THE volume of imported second hand vehicles passing through Chirundu border post has significantly declined in recent months amid concerns over high duty charged and some related costs.
The high cost of importation particularly Zimra duty calculations and revaluation of the cost of the vehicle have seen cars piling up at Zimra yard at Chirundu post as people fail to raise the amounts required. Recent survey at Beitbridge and other borders also revealed that duty for smaller second hand vehicles was increased by up to $400 with those importing-state-of the-art vehicles forking out more.
When The Herald visited the border post at the weekend, about 80 cars were parked in the yard as a result of failure by owners to pay the increased duty demanded by Zimra. Chirundu border post had become popular with vehicle importers owing to relatively low duty costs compared to other posts such as Beitbridge.
Sources at the post said vehicle imports could have declined by as much as 60 percent in the last six months.
“We have seen a drastic drop in the number of cars passing through this (Chirundu) border post compared to previous months,” said a source who preferred anonymity for fear of victimisation. “It is very difficult to tell the reasons for the decline, but it seems people are being put off by the costs especially Zimra calculations where someone pays more than 100 percent of the value they bought a vehicle from Japan.”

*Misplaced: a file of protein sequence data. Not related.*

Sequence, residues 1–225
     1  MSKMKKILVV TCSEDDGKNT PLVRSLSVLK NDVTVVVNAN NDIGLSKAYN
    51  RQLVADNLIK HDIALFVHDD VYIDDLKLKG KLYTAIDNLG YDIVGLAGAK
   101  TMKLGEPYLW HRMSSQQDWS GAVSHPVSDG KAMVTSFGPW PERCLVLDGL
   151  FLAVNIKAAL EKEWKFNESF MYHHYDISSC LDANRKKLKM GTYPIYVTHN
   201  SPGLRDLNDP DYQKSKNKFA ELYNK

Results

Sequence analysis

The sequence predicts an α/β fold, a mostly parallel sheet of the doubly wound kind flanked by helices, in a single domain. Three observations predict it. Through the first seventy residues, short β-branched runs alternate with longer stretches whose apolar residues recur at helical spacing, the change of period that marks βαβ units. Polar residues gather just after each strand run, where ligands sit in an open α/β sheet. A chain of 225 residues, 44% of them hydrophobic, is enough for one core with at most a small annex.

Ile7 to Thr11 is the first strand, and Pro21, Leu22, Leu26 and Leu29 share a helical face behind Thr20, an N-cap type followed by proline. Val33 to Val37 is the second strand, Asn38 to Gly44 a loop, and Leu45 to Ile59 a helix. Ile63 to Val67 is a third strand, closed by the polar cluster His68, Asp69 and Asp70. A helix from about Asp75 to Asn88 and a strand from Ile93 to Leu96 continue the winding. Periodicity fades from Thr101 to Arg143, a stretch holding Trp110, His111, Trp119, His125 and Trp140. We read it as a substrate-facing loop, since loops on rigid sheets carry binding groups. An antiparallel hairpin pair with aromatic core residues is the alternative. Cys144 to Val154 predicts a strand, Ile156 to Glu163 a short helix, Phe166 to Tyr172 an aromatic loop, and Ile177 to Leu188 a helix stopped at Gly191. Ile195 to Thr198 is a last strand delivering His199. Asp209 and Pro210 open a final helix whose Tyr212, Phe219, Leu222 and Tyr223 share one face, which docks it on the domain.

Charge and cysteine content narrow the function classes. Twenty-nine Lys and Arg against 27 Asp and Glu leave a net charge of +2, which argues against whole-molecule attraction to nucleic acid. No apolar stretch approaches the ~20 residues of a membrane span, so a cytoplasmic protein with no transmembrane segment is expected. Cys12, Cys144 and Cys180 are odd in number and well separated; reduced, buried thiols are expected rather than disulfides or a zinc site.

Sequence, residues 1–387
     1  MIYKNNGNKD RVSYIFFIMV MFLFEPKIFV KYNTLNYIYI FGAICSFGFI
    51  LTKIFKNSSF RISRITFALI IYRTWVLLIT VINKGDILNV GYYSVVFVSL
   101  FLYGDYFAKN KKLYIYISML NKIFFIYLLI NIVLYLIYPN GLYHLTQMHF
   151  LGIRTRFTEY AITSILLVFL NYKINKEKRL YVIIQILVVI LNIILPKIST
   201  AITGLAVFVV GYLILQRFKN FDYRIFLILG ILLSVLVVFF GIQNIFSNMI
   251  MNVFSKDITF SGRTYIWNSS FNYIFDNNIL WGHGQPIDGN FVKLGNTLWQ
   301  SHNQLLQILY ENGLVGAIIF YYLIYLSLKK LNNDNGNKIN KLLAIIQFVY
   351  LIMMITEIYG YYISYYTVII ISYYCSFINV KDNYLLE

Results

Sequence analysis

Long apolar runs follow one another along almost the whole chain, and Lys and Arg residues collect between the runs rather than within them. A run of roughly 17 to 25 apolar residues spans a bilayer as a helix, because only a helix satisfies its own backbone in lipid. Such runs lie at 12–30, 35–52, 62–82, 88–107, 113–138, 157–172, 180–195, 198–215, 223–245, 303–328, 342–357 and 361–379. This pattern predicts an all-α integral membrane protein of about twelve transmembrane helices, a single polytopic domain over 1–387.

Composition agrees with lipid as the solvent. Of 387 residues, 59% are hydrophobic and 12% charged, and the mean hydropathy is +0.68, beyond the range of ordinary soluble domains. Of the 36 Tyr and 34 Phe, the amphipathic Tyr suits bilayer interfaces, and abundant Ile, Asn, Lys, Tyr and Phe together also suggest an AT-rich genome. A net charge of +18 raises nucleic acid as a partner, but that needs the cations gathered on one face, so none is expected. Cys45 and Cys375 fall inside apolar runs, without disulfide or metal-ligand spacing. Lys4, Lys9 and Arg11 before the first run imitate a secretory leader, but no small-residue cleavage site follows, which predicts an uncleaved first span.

A motorist who had just gone through the clearance formalities bemoaned Zimra charges, which make the vehicles expensive. “I have been here previously and there were queues of people wanting to clear their vehicle. The situation is different now because in the two hours that I have been here there were only two people wanting to be cleared,” he said. He brought a Mercedes Benz E320 from Japan for $3 600, but it was revalued to $4 600 after factoring in port charges that Zimra recently included for duty calculations. Zimra placed the market value of the vehicle at between $4 000 and $5 000. Duty was calculated from $5 100. “Zimra is killing the goose that lays the golden egg by charging high fees on duty.
They are discouraging people from importing cars but Zimra should have found a way of taxing downstream like parking and tollgates,” said motorist Kuda Jenya. Duty is being calculated at 86 percent for vehicles with an engine capacity of more than 1 500cc. However, motorists contend that it was more than 120 percent. Others argue it could now be cheaper to buy from locals and only pay 5 percent change of ownership fees. Efforts to get a comment from Zimra station manager Mrs Chrysostamo Kanjorane, were fruitless as he referred all questions to the Zimra head office in Harare.